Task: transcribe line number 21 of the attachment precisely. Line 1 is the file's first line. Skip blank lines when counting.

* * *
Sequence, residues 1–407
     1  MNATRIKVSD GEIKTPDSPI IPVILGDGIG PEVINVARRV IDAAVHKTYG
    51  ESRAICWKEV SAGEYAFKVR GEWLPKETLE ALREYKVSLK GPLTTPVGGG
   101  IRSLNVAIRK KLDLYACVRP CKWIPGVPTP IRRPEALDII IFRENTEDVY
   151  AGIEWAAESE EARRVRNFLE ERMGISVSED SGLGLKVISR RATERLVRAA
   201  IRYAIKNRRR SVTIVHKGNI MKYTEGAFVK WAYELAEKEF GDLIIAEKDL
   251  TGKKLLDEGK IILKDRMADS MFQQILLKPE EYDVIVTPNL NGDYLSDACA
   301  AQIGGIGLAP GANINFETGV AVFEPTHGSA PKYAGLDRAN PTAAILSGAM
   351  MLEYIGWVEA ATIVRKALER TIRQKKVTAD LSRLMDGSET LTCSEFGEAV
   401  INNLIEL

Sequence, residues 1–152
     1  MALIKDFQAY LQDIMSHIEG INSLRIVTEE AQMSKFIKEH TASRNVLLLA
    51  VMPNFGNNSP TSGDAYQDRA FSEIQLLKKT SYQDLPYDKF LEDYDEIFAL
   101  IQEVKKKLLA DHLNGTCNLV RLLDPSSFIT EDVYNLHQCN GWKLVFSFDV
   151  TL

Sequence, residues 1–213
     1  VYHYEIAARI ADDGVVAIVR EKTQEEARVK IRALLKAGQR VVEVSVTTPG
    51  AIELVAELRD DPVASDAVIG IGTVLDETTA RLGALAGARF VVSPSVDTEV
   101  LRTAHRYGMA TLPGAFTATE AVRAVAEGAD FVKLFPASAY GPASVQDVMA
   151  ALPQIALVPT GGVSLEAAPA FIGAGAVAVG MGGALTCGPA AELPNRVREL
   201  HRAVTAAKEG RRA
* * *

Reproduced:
   201  HRAVTAAKEG RRA